Virtual School Meanderings

March 5, 2015

SITE 2015 – The Effects of Intrinsic and Extrinsic Motivation in An Virtual School World Language Courses: A Structural Equation Modeling Approach

The seventeenth session, which begins day three of blogging, at the 2015 annual conference of the Society for Information Technology and Teacher Education related to K-12 online learning that I am blogging is:

The Effects of Intrinsic and Extrinsic Motivation in An Virtual School World Language Courses: A Structural Equation Modeling Approach

  1. Yining Zhang, Michigan State University, United States
  2. Chin-Hsi Lin, Michigan State University, United States
  3. Ruhui Ni, Michigan State University, United States

Thursday, March 5 10:15-10:45 AM in Conga A View on map

<Presentation: Paper #44442>
Conga A Thursday, Mar 05 2015 10:15AM-11:15AM
Yu-Li Chen: Conga A, 2015-03-05 10:15:00-2015-03-05 11:15:00

Among all the potential factors that affect the success of K-12 online learning, self-regulation learning is an essential one. This study compares the unique contributions of intrinsic and extrinsic motivation to online learning strategies and online learning success. The subjects consisted of 469 middle- and high-school students enrolled in online world language courses in a Midwestern virtual school. Structural equation modeling was employed to explore the relations between motivation, learning strategies, and learning success (i.e., satisfaction and perceived progress). Intrinsic motivation was found to predict satisfaction and perceived progress both directly and indirectly through online learning strategies, whereas extrinsic motivation only predicted the outcome variables indirectly.

Yining began his session with the usual statistics about the growth of K-12 online learning and then described the various ways in which students could engage in K-12 online learning.

The basis of this study came from Cavanaugh (2001) and Oliver, Kellogg & Patel (2012), both of which found negative effects for K-12 students learning a foreign language online.  And Yining spent some time providing an overview or review of self-regulated learning and the two main components (i.e., motivation and learning strategies).

The actual study looked at how motivation and online learning strategies impact student outcomes in foreign language online learning (defined as student satisfaction and perceived progress)  , with a specific focus on the distinctions between intrinsic and extrinsic.  The study included almost 1600 students enrolled in a variety of foreign language courses at a supplemental online program in the Mid-West.  The instrument was a 67-item survey, which 466 students responded to (about a third of the possible population).  About two third of the respondents were female – 60% of the respondents were taking the course as an elective, almost 40% were doing a required course, and only 3% were taking their foreign language course due to credit recovery.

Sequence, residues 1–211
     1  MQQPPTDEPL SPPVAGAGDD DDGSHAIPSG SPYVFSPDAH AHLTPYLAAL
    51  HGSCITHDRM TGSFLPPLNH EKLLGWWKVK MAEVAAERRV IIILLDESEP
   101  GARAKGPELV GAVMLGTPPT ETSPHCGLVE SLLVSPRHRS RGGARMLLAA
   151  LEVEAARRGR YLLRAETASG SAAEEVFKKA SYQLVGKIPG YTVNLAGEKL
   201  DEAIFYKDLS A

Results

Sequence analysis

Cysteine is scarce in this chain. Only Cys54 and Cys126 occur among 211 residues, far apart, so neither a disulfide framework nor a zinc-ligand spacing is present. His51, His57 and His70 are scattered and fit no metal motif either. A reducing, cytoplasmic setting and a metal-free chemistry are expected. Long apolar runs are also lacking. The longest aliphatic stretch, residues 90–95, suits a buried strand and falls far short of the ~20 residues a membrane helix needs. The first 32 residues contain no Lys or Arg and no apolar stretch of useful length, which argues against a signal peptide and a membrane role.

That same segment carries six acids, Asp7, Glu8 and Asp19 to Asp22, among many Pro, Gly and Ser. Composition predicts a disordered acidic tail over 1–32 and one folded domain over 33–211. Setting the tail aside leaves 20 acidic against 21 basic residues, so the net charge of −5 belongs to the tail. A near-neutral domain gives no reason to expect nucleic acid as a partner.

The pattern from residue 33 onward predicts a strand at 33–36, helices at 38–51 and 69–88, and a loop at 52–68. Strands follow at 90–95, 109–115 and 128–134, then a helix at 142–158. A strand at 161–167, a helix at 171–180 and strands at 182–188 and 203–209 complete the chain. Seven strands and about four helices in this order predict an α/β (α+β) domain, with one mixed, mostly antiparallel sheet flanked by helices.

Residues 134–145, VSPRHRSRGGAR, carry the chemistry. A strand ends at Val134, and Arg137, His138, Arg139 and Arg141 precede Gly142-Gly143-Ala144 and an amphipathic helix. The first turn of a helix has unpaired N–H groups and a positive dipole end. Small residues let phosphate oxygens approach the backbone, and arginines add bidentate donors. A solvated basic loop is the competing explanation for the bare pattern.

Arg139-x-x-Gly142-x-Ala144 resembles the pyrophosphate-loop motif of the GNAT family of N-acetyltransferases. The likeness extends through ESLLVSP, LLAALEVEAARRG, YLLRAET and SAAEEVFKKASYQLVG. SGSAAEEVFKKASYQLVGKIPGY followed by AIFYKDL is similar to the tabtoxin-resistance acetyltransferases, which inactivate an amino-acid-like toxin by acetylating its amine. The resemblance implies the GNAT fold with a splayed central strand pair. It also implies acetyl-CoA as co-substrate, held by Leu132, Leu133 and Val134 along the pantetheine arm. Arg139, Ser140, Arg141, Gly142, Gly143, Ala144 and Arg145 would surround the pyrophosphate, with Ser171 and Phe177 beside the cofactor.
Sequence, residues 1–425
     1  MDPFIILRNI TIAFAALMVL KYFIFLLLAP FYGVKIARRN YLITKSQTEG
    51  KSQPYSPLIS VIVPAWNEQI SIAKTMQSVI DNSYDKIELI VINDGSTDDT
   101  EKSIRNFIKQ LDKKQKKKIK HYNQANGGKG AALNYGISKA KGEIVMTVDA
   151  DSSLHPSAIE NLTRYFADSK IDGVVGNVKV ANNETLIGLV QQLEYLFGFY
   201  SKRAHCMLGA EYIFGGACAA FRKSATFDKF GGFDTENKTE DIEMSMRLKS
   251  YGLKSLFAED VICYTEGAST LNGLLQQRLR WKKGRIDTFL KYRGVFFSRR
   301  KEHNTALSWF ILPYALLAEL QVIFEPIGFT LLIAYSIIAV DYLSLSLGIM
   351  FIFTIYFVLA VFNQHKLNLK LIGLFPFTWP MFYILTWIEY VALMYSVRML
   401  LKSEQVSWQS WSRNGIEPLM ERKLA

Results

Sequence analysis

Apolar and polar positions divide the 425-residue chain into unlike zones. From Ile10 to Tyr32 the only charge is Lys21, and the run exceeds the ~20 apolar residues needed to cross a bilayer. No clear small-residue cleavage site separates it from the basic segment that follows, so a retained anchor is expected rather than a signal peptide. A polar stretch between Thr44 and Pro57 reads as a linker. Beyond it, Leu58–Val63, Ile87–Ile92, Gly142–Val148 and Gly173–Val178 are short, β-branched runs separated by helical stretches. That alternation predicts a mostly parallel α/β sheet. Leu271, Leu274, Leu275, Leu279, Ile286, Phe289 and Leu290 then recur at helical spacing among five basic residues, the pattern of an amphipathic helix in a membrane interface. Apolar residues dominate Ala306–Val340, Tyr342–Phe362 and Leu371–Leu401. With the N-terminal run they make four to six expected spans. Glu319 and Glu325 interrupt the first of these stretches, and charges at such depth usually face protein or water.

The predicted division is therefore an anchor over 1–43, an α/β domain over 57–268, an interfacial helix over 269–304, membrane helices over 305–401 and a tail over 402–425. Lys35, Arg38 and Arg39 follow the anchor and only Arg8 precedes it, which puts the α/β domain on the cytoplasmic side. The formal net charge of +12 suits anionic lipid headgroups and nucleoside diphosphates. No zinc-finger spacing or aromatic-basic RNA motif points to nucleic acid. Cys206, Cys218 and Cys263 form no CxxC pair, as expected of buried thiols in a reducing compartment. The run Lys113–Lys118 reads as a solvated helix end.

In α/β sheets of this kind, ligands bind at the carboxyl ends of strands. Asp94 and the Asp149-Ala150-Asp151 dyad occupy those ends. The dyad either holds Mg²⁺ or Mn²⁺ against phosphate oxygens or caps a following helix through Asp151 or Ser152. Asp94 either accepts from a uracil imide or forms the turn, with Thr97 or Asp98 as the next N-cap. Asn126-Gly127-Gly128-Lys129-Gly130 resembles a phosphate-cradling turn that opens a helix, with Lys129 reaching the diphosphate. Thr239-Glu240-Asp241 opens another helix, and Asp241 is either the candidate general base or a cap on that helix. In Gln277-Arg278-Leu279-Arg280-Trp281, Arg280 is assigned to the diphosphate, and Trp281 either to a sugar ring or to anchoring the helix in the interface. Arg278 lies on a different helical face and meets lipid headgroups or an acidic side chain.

After Yining took us through the study design, in some detail, he eventually got to the results.

  • intrinsic motivation was predictive of learning strategy, learning strategy was predictive of online learning success, and intrinsic motivation was also directly related to online learning success
  • extrinsic motivation was predictive of learning strategy, learning strategy was predictive of online learning success, and extrinsic motivation was not directly related to online learning success
  • instrinic motivation contributed unique and additional power in explaining satisfaction, however, extrinsic motivation failed to do so

The bottom line was that intrinsic motivation was key in student success in foreign language learning.  Extrinsic motivation has an indirect impact, and not a negative impact.

I’ll be honest and say that this shouldn’t surprise anyone – not just when it comes to foreign language learning online, or learning online, or even learning.  Students that have an internal sense of motivation to learn will have success – plain and simple.  I guess we now have data to confirm this, at least within an online foreign language environment.

March 4, 2015

SITE 2015 – Bridge to Blended

The sixteenth session (and another one that wasn’t tagged as a Virtual Schooling SIG session, so it went under the radar), which will bring an end to my day two blogging, at the 2015 annual conference of the Society for Information Technology and Teacher Education related to K-12 online learning that I am blogging is:

Bridge to Blended

  1. Blaine Helmick, Florida Virtual School, United States

Wednesday, March 4 4:55-5:15 PM in Amazon Q View on map

<Presentation: Paper #45420>
Amazon Q Wednesday, Mar 04 2015 04:15PM-05:15PM
Lucy Green: Amazon Q, 2015-03-04 16:15:00-2015-03-04 17:15:00